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Minnesota Senate Race Still Tight As A Drum

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It’s been four days since Election Day, but there’s still no resolution to the Senate race in Minnesota:

The U.S. Senate race in Minnesota is nowhere close to being decided, state officials said yesterday.

The recount in that election will not be completed until mid-December, and even then, a candidate or voter can challenge the outcome, Secretary of State Mark Ritchie said. Sen. Norm Coleman (R) held a 239-vote lead over Democrat Al Franken as of late yesterday. That margin of less than 0.5 percentage points triggers an automatic recount under Minnesota law.

Ritchie said he would hope to finish the recount by Dec. 19. But that process cannot begin until the election results are certified Tuesday.

Franken said on Minnesota Public Radio that he will not waive the recount. “This is the closest race in Minnesota history, the closest Senate race and the closest race anywhere in the country. This is just part of the process to make sure every vote is counted,” he said, adding: “Candidates don’t get to decide when an election’s over — voters do.”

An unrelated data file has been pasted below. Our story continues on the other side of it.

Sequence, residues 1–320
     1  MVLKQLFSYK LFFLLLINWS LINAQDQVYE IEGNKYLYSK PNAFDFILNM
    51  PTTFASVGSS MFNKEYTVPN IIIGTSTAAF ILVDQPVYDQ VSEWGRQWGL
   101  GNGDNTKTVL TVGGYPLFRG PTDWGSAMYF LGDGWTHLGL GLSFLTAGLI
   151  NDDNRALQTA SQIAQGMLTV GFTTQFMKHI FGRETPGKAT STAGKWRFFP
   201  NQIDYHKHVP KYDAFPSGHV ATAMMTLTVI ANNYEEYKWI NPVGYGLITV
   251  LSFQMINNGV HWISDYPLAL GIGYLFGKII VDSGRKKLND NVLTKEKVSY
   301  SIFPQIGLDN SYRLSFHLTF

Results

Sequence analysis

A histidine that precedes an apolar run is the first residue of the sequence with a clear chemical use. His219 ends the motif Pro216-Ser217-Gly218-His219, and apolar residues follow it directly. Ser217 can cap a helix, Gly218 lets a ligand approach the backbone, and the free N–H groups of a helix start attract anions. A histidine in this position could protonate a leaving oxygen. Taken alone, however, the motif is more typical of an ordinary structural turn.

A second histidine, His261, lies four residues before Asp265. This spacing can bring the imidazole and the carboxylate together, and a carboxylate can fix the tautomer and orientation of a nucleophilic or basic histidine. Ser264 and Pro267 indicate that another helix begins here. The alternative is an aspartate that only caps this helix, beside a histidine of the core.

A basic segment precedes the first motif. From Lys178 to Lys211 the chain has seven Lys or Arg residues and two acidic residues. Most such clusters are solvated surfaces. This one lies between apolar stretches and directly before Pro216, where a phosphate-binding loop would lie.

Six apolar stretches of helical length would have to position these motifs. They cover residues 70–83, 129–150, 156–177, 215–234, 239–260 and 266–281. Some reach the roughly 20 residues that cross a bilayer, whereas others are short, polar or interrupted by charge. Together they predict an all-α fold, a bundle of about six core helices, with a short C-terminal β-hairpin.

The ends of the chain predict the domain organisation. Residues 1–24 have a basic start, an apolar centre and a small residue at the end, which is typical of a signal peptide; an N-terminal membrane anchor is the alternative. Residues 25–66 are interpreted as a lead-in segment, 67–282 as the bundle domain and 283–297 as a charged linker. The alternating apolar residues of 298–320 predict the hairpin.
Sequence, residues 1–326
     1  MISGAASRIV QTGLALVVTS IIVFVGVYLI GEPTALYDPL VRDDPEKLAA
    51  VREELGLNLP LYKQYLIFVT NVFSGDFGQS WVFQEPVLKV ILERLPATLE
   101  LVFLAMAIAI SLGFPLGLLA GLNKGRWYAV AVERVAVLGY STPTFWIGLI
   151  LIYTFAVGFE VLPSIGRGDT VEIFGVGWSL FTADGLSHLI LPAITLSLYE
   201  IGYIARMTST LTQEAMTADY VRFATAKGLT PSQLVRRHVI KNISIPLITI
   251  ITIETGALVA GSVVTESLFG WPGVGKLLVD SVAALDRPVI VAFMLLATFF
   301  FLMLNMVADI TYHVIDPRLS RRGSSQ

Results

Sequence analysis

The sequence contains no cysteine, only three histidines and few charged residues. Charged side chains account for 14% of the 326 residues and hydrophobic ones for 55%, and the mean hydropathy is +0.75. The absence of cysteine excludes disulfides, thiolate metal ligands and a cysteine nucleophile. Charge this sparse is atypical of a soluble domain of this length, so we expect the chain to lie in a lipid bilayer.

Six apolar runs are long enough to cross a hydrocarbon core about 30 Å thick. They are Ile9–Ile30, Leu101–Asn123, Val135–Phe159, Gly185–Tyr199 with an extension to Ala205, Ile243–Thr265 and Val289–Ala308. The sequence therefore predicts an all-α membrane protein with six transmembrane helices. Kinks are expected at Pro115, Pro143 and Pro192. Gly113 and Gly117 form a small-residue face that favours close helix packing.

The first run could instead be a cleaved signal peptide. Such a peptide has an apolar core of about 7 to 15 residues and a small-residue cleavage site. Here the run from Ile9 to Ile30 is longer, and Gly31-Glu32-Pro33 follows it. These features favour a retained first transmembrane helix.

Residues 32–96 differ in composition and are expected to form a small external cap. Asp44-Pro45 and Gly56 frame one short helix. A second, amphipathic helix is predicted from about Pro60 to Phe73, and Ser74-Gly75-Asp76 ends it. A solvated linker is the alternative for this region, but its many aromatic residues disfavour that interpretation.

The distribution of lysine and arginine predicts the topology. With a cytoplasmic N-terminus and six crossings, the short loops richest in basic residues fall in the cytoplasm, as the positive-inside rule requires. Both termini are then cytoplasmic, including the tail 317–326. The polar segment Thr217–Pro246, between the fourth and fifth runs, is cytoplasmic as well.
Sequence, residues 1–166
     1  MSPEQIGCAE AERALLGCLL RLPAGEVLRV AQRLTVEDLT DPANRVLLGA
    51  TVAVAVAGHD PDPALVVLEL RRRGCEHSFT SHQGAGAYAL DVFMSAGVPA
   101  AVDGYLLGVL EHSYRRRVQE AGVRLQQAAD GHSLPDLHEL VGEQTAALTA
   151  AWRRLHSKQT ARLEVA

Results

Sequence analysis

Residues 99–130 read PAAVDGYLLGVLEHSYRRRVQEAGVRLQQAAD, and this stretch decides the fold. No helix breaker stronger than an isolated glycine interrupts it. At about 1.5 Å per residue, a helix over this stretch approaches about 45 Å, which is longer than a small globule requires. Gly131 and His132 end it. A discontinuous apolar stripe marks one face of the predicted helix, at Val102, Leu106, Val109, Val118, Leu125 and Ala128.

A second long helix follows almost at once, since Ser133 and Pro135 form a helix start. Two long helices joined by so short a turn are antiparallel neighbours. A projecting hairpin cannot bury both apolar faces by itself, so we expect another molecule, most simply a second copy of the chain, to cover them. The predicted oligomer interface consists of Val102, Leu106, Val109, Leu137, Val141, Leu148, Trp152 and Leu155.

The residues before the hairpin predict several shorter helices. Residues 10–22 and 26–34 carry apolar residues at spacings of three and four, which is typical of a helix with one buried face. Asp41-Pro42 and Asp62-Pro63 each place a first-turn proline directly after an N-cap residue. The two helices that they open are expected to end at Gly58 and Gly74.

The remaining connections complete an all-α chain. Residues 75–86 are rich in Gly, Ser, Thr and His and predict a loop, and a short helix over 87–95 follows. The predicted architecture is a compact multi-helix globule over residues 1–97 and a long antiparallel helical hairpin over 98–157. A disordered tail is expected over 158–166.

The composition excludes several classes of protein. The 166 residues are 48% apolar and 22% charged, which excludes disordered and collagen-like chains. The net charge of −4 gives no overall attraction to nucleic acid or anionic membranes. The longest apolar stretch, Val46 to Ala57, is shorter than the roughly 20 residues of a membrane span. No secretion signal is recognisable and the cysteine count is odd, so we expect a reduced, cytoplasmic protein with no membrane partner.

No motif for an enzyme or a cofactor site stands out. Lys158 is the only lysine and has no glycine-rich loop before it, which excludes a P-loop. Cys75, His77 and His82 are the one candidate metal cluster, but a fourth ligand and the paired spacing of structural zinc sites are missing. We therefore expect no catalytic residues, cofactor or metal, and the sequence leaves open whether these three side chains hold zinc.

Minnesota voters use paper ballots, which will be reviewed first at the local level to determine voter intent, with an elections official and an observer for each candidate on hand, if the candidate so chooses. The votes are tallied, but any ballot that is challenged by an observer will be shipped in a sealed envelope to the state canvassing board, which would begin its recount Dec. 16. The state canvassing board by law consists of two state Supreme Court justices and two district court judges and is chaired by the secretary of state. The board certifies the general-election results.

This morning, the Minnesota Secretary of State’s website shows the gap between Coleman and Franken at 221 votes. The important thing to note is that Coleman’s margin has shrunk every single day since Election Day. If this continues, Franken may be in the lead before the recount starts.